Saturday, February 4, 2012

Wintergirls by Laurie Halse Anderson

A quick overview from Laurie Halse Andersen's website:

“Dead girl walking,” the boys say in the halls.
“Tell us your secrets,” the girls whisper, one toilet to another.
I am that girl.
I am the space between my thighs, daylight shining through.
I am the bones they want, wired on a porcelain frame.

Lia and Cassie were best friends, wintergirls frozen in matchstick bodies. But now Cassie is dead. Lia’s mother is busy saving other people’s lives. Her father is away on business. Her stepmother is clueless. And the voice inside Lia’s head keeps telling her to remain in control, stay strong, lose more, weigh less. If she keeps on going this way – thin, thinner, thinnest – maybe she’ll disappear altogether.

In her most emotionally wrenching, lyrically written book since the National Book Award finalist Speak, bestselling author Laurie Halse Anderson explores one girl’s chilling descent into the all-consuming vortex of anorexia.

Wow! Talk about the most realistic story about anorexia I have ever read. It is brutally honest and opens your eyes to the struggle and difficulty that is anorexia. Laurie Halse Anderson doesn't just open your eyes to it she puts you in the mind of a girl who is losing the battle with the disease. Every time Lia ate a single thing she calculated the calorie intake in her head. If it was too many calories she calculated how she could shed those calories. She was lost in the disease, lying and deceiving the ones around her to continue down this path to get thinner.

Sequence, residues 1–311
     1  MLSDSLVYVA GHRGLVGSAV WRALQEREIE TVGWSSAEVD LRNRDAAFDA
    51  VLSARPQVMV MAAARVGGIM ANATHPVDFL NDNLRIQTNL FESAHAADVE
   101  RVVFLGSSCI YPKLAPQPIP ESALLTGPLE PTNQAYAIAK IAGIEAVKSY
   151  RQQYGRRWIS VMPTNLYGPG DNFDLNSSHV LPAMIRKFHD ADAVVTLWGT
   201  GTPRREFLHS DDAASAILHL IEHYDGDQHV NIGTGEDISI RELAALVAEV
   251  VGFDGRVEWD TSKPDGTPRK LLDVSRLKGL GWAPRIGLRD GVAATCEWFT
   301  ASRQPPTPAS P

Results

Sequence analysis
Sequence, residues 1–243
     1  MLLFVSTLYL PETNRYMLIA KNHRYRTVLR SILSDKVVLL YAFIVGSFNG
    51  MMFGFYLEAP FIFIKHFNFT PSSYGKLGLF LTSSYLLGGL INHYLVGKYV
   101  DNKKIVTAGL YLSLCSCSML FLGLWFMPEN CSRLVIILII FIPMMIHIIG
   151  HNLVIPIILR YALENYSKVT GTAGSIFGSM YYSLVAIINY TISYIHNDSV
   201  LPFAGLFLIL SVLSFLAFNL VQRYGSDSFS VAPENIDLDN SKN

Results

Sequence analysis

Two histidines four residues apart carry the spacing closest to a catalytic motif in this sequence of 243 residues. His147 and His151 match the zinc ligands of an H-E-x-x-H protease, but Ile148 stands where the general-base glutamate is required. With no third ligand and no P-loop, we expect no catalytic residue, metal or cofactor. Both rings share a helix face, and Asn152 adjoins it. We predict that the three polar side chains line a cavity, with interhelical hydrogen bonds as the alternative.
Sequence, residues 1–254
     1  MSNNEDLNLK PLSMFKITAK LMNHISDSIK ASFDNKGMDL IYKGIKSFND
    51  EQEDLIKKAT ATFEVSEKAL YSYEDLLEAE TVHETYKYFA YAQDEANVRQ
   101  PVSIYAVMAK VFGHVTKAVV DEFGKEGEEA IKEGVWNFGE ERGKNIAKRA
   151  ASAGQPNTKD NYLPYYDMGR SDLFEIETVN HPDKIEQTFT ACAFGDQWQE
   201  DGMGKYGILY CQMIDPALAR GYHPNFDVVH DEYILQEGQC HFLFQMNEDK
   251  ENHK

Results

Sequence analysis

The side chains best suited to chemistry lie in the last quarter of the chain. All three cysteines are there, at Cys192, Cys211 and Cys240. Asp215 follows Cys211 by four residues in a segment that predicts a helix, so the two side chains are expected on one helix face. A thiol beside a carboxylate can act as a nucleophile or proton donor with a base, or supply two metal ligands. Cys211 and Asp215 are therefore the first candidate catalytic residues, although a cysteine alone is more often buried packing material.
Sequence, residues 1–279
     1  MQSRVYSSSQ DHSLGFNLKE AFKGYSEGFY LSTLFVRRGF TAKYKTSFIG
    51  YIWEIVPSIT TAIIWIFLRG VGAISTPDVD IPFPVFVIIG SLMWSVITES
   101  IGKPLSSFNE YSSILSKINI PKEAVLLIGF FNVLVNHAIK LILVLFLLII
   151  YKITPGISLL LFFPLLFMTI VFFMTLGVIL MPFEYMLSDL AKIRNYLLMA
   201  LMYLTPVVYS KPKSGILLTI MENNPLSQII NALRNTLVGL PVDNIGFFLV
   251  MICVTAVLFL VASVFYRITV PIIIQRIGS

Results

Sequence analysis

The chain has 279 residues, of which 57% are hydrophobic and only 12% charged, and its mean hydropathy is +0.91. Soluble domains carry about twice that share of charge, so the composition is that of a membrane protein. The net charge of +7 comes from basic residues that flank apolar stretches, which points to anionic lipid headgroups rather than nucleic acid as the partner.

The only one that had any type of impact on her was her stepsister. That's what made Lia real to me. The relationship she had with her stepsister proved that while she was consumed by the disease she still cared about something other than the disease. She was ridden with guilt when she disappointed her stepsister and there was one scene particularly (I don't want to spoil it for anyone) that brought me to tears.

This is the second book I've read by Laurie Halse Anderson (The first was Twisted) and I can guarantee I will be reading more. Her books seem more like a biography than a story. She delves into her characters minds and pulls you in with her. You don't just read her books you experience them. I would highly recommend Wintergirls.


  1. This is the second time in a matter of a week or so that this book has come up. I think I need to read it already. Thanks for sharing your thoughts on it! :-)

    1. It's really good. Heavy on the mind but good :)

  2. Thanks for the review Theresa!

  3. Laurie Halse Anderson is not one to shy away from difficult topics. Her debut novel Speak deals with the issue of teen rape was lets just say it was incredible. In her latest, Wintergirls, Anderson deftly addresses the devastating effects of eating disorders.

  4. i like your review! Here's mine: Have a nice day! :)